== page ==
I recently read Committed, Elizabeth Gilbert’s most recent book (yes, she also wrote Eat, Pray, Love, which I didn’t read and so will not discuss). I’m not going to go into the book right now either, except to say that I read it for the APW book club, and met yesterday with a group of women to discuss it. One of the topics we touched on was Ms. Gilbert’s statement that “the person whom you choose to marry is perhaps the single most vivid representation of your own personality. Your spouse becomes the most gleaming possible mirror through which your emotional individualism is reflected back to the world.” I don’t think she’s saying that we perceive our partners as being exactly like us. Rather, I think she means that we use our choice of partner as a way to identify or define ourselves. A simplistic example: Husband once spent three months bicycling around the U.S. alone. When I tell people about him, I tell them about this trip. But what I really want them to know is that I am the kind of girl who marries a guy with an independent, adventurous spirit. Because I am an independent and adventurous girl. I don’t think that this is necessarily a bad thing. Nobody can dispute that the choices a person makes say something about that person’s character. On the flip side, using your partner as a mirror (or better, as a lens through which you examine yourself), can limit your view of him or her as a separate and distinct person. It’s narcissistic. And it could lead you to be critical. Another simplistic example: Husband can be an angry driver. This bugs me to no end. I argue with him about it and say it’s because I don’t like negativity when we’re in the car together. But really, I just hate the idea that the person I chose has such a quick temper. [Note: the things we hate in those around us are often the same things that we hate about ourselves.] Basically, I zero in on my partner’s flaws because I don’t like what they say about me. Selfish. I’m working on this, by the way, by differentiating the decisions he makes that do affect me from the ones that don’t.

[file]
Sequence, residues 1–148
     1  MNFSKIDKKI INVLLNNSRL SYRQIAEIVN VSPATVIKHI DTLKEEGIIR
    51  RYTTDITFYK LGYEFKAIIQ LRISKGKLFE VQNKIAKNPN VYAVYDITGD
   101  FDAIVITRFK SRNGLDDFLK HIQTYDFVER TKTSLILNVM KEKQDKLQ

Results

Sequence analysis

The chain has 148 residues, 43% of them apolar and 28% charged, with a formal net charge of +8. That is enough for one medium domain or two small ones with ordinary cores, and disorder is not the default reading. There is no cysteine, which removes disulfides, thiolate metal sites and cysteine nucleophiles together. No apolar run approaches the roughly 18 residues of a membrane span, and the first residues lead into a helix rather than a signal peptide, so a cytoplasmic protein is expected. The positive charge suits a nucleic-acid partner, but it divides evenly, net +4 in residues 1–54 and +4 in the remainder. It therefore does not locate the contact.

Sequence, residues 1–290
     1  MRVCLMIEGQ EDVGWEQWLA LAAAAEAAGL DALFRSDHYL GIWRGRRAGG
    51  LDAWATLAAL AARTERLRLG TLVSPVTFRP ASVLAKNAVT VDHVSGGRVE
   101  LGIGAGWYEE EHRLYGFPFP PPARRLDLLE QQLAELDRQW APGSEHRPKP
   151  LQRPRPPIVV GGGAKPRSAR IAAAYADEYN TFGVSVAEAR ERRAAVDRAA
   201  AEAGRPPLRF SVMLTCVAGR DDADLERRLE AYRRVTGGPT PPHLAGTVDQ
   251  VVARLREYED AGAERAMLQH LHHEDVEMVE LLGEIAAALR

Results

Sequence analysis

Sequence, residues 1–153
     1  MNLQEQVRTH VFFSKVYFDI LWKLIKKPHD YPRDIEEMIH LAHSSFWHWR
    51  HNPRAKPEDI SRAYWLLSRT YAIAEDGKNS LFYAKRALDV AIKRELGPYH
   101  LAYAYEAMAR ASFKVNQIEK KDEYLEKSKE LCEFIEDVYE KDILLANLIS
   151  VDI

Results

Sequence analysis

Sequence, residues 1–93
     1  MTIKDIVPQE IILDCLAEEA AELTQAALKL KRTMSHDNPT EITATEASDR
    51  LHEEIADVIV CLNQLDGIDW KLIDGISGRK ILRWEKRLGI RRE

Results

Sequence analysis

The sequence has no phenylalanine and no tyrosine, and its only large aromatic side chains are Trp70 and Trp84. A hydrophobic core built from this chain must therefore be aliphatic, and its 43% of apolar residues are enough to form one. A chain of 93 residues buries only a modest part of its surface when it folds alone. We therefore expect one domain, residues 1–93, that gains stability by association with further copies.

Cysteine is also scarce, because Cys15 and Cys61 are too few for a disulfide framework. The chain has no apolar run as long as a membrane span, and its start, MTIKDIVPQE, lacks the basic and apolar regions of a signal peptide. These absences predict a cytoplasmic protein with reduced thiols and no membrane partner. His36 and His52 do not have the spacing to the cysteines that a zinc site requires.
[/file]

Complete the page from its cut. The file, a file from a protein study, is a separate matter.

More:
This entry was posted in Identity, Marriage and tagged a practical wedding, book club, identity, liz gilbert, marriage, narcissism. Bookmark the permalink.
so i may have just spent the last two hours reading over your blog instead of eating lunch or teaching my painting students…. they’ll survive.
you are BRILLIANT. I love your posts. especially this one. Its so true. Everything you write is just so ….raw. Is that too cliche of me to say? I love it. You are fantastic.
Also, dont bother reading eat pray love… i did and it made me want to vomit repeatedly. terrible terrible terrible.
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